Are you going to use your children’s names or pseudonyms?
This is an entirely personal decision, but please remember that information once on the internet, stays on the internet. Think about your children’s privacy not only in the here and now, but 18 years down the road when they’re considering college and farther along into their professional careers.
Do you want to tell the internet where you are or where you’re going to be?
I totally understand that lots of people have no problem using Foursquare or Facebook’s location functionality to share their current location publicly. I personally don’t feel comfortable doing that. I don’t blog about going on vacation until we’re back. I don’t mention restaurants, schools, or other small locations where you might find us regularly on my blogs. I have been recognized, on occasion, from my blog photos and more often, by name when I introduce myself, but I’ve never been actively sought out by a reader in person and I’d like to keep it that way.
What about your life, your spouse’s life, and your children’s lives needs to remain private?
You need to have a conversation with your partner about what you will and won’t blog about, unless you plan to keep your blog life a secret from him or her. Are you going to be public about marital spats? The blogosphere can make for a wonderful place to seek marriage counseling, but there’s the downside that your dirty laundry is all out there.
Protect your children’s online privacy in the same way that you would in real life. Around age 5, your kids may be mature enough to have an opinion and a say in what you post on your blog. My daughters and I have regular conversations on this subject, and as their opinion evolve and mature, so do the boundaries about what I will and will not share.
Someday, your children will learn to read. There’s plenty that I’d like to say about my ex-husband’s life choices, but I’m not going to blog about anything that I wouldn’t say within earshot of my daughters. If there’s something you wouldn’t want your children to read about when they’re 8 or 22, it’s probably best not to blog about it.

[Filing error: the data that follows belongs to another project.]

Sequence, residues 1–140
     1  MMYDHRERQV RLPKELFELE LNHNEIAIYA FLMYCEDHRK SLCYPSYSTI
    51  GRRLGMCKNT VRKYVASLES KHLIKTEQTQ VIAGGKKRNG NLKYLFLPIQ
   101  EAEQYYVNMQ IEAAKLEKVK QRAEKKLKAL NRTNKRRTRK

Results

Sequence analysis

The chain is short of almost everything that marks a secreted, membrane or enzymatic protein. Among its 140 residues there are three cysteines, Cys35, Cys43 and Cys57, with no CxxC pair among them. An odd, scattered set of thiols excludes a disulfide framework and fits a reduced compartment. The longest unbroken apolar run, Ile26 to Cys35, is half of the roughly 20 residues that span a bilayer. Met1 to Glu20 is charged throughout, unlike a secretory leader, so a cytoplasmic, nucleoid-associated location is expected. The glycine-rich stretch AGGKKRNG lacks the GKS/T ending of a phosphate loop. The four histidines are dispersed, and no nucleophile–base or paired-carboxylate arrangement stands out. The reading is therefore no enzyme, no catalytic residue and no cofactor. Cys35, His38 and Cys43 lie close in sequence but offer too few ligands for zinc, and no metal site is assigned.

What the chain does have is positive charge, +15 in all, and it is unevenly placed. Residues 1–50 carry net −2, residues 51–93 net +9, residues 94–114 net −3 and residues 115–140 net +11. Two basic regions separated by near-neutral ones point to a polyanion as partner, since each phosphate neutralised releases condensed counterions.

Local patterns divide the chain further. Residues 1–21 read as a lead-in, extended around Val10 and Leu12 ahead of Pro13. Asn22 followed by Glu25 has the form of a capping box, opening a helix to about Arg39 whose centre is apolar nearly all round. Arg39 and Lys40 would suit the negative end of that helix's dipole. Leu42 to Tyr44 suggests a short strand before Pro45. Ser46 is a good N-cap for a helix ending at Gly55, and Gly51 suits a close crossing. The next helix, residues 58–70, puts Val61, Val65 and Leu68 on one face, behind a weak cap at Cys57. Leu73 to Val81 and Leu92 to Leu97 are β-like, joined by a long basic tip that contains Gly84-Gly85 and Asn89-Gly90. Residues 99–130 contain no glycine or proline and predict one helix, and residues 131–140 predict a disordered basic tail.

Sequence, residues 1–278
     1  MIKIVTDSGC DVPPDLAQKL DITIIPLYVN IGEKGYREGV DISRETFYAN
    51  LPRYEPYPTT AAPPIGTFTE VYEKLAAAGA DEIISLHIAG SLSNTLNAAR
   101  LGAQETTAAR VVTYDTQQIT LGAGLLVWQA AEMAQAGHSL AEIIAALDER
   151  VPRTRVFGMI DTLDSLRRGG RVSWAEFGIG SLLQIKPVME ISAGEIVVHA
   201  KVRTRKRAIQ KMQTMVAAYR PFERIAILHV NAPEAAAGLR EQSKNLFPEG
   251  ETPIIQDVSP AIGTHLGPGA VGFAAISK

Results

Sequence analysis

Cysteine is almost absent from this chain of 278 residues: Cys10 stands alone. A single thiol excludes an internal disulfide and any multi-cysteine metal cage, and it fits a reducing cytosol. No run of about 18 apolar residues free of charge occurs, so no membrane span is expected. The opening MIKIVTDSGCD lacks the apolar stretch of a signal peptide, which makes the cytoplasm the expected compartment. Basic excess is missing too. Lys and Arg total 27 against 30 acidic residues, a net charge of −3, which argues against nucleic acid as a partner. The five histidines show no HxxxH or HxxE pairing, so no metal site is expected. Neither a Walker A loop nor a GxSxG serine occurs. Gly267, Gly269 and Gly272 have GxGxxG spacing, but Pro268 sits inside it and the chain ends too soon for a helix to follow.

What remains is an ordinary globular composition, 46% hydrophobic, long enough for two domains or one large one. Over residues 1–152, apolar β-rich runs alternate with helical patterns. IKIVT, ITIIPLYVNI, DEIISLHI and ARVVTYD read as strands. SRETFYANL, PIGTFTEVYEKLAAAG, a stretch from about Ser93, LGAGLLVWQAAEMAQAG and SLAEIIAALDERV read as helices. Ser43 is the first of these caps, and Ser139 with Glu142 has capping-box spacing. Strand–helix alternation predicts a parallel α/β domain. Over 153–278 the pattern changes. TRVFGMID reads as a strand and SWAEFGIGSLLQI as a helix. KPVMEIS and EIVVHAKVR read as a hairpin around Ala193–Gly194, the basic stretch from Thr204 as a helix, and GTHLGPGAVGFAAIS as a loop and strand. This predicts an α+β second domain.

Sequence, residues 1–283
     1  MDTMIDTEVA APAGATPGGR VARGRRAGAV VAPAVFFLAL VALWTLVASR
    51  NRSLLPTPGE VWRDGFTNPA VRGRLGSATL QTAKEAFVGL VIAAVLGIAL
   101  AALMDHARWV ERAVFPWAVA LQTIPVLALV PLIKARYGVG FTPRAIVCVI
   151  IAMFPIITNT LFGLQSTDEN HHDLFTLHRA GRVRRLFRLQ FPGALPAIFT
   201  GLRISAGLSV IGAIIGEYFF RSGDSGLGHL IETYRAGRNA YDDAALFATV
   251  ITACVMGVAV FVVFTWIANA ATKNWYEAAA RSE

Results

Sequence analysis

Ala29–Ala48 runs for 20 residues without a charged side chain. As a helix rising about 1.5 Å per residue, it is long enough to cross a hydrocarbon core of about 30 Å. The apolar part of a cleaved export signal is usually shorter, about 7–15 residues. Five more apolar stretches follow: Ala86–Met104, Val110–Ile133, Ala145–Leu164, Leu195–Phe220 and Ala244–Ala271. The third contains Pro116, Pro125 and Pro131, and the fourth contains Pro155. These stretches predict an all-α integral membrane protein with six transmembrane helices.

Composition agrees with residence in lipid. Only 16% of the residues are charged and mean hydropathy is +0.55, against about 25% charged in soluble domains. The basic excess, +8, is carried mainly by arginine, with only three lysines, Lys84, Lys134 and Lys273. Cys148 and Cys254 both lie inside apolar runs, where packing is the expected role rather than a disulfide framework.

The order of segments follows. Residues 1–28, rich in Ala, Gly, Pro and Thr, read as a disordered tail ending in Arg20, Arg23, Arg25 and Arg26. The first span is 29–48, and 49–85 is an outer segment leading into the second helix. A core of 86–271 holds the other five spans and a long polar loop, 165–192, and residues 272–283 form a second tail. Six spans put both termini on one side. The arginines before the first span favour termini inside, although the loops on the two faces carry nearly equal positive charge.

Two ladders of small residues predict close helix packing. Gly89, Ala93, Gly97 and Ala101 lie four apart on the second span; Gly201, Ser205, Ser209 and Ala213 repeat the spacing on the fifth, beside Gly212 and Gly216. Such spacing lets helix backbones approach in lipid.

Are you going to publish photographs of yourself and your family? Will those photographs include faces?
Be especially careful about the photographs you post. There are some really twisted people out there. One of the Facebook twin parenting support groups I’m part of learned that a member was downloading member belly photos and sharing then on a pregnancy fetish site. Photos that you or I see as entirely innocent may not stay that way out on the internet. Be careful, but not paranoid.
Personally, I think that it’s perfectly fine to share photos of myself and my children on my blog. If I’m thinking about posting a photo that includes my daughters’ friends, I ask permission. No one has ever said no, but I ask anyway. As I said, I have been recognized in public, twice that I can remember. One of these meetings has turned into a fast friendship. I think it’s fantastic. If another twin mom has read my ramblings and still wants to be friends, and our kids get along, great!
What are the implications of your choices if you’re still blogging 5 or 10 years from now?
This is the part that I think we forget. There are little things, like not including your child’s current age in his or her pseudonym. Calling your little one The Toddler may work for a while, but it gets awkward when you have to write things like, “The Toddler started first grade today” or “The Toddler is heading to college”. Also, it may be wise to move posts with potty training details back to draft status as your child approaches school age. She or he probably won’t want friends to see potty pictures. My daughter J had no problem with it, but M did, so those posts are gone.
I have seen more than a few bloggers choose blog names that reflect the size of their family, only to have to scramble when they have another child or two a few years down the road. Pick a name that will be evergreen.